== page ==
As compared to other feeds, the performance (growth and survival) of chicken egg yolk was good. The finding implies that the feed contains simple absorbable compounds important for the larvae in a certain reasonable ration (Krawczyk, 2009). In the regards of the objectives of sponsors of this study, for example, promotion of simple technologies to lead into availability and affordability of quality fish seed to poor farmers, the finding is appreciated as of quite important. Of the major problems when using egg yolk as a feed for the fish is that, water quality get degraded very fast thus raising the risk of increased larval mortality due to quick development of ammonia. This is because the likeliness to oversupply the feed is high, thus resulting into high food remains in the rearing media. The mixture of rotifer and egg yolk feed performed the second after egg yolk. This study expected this feed treatment to perform better than using egg yolk alone due to broad spectrum of nutrients provided, and so far we are not in position to account for the observed situation.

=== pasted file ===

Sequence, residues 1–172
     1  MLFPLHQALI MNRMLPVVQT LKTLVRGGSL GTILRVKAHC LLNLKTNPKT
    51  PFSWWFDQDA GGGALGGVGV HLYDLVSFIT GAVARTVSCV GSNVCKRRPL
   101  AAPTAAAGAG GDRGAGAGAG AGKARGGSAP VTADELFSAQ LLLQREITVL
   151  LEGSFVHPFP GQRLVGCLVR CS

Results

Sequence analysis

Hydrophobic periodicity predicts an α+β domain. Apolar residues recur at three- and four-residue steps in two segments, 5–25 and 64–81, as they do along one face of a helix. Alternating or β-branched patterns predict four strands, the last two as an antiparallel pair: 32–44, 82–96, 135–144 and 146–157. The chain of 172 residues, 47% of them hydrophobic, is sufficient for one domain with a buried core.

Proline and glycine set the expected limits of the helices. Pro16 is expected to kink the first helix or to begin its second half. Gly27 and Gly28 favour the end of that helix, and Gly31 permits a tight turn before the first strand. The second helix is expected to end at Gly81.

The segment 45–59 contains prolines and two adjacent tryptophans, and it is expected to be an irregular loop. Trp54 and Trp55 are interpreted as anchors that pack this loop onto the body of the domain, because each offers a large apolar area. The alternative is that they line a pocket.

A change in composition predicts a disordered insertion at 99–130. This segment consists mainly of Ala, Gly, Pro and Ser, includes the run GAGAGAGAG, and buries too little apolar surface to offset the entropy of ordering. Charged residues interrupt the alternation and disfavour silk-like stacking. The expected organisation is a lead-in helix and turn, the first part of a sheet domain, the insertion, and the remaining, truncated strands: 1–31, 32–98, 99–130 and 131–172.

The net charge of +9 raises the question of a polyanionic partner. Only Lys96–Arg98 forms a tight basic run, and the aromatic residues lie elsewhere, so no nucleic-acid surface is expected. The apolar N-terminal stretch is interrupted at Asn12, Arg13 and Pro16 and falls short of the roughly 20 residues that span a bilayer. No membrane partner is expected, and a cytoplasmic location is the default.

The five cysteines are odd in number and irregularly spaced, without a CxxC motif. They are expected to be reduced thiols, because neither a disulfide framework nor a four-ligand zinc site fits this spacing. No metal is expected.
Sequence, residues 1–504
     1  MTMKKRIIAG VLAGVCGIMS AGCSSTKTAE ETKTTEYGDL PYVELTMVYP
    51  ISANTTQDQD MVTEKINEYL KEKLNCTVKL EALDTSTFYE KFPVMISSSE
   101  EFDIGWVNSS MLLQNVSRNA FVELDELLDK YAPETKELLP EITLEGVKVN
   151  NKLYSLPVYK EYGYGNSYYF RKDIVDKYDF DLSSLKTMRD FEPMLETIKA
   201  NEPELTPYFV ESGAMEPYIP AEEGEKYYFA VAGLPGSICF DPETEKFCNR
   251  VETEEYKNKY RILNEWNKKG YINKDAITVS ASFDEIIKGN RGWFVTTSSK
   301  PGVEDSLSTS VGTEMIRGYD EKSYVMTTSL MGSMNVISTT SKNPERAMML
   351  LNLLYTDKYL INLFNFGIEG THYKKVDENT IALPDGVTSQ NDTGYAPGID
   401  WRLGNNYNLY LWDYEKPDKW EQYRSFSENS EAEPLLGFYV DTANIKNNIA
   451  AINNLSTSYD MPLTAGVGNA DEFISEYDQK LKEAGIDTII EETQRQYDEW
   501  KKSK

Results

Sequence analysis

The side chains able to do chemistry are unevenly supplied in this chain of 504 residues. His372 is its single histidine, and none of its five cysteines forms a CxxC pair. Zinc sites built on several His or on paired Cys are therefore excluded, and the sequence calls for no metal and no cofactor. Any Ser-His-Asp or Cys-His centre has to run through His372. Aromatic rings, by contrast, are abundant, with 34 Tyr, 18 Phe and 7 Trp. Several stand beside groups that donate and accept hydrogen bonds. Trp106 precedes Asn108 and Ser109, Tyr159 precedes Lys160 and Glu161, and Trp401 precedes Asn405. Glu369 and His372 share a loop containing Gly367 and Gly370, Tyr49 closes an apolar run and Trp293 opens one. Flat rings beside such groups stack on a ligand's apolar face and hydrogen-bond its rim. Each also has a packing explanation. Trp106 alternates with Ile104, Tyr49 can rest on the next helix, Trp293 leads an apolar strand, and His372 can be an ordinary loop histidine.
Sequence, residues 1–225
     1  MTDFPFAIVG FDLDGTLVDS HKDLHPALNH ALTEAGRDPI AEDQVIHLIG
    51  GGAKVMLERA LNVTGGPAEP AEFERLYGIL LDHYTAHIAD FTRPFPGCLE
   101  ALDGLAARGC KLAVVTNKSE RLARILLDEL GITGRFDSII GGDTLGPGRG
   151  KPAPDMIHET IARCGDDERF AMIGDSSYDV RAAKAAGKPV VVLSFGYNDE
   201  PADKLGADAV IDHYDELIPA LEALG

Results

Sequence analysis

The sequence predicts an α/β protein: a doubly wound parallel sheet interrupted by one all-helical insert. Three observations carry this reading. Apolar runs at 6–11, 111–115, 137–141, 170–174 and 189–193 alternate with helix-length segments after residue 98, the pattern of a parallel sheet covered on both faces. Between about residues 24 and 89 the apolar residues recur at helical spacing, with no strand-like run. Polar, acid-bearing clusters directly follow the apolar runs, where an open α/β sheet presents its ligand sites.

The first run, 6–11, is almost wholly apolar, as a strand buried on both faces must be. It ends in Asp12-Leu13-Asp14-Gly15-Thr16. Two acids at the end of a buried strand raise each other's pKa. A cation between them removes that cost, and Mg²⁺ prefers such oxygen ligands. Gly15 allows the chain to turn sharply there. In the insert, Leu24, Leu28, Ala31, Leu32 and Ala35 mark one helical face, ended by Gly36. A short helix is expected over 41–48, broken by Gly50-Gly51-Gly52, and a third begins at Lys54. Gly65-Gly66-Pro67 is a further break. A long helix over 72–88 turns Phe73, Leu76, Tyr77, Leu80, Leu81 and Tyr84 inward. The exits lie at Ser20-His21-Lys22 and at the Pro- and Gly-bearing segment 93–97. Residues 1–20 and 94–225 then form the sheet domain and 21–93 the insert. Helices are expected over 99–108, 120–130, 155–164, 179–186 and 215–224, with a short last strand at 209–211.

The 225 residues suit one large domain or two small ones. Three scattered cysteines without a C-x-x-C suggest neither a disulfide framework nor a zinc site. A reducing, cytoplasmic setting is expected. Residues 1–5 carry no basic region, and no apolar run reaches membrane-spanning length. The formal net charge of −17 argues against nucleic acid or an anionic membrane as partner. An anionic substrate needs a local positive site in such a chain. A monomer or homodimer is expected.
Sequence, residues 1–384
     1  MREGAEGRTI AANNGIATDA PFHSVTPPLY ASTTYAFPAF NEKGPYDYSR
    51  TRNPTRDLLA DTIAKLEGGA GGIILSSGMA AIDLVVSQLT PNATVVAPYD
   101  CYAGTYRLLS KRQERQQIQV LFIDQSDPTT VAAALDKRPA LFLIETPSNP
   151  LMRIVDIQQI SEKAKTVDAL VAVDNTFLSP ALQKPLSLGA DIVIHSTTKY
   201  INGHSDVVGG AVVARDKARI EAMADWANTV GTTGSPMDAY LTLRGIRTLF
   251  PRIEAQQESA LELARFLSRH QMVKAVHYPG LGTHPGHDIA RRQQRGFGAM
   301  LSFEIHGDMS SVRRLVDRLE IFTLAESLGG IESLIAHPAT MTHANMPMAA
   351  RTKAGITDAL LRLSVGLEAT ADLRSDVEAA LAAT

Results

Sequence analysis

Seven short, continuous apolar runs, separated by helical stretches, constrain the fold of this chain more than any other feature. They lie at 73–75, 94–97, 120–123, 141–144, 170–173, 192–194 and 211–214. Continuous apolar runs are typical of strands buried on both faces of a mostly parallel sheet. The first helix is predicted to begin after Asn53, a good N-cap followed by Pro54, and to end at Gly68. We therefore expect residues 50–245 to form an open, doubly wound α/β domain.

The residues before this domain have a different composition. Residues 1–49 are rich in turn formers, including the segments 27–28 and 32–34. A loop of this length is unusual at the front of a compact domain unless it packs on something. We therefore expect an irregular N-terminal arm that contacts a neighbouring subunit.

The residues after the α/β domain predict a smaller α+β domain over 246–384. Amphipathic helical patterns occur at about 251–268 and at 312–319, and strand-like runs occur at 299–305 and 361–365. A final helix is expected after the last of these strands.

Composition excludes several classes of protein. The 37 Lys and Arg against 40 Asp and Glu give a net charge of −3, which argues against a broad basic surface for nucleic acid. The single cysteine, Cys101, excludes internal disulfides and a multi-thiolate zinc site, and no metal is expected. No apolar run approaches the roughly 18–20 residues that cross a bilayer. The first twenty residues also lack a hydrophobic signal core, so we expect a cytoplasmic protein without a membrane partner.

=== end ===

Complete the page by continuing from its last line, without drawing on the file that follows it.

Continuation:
Generally, DO values as monitored during our experiments were in a range acceptable (5.31±0.61 to 6.30 ± 0.14 mgO2 L−1) for a farmed fish. According to Beveridge et al. (1993), a minimum of 3 ppm of DO at temperature between 25?-30?is suggested as ideal for fish farming in fresh waters. However, the recorded temperature values, a range of 21.53±0.11 to 24.30±0.42? were less than the suggested range of 25 to 30? (Britz and Hecht, 1987; Beveridge et al., 1993). It is quite probable that the generally bad results (in terms of growth in size and survival) we got during this time experiments (as compared to the past ones) are contributed by the observed low temperature conditions in the hatchery. Higher temperature in hatchery (i.e. 30?) is highly recommended for improved hatching rate, growth, and survival (Britz and Hecht, 1987). Temperature is positively associated to egg developmental processes and metabolic activities of the larvae after hatch (Ouellet et al., 2001; Hamoutene et al., 1999; Hamre, 2006; Suzer et al., 2006).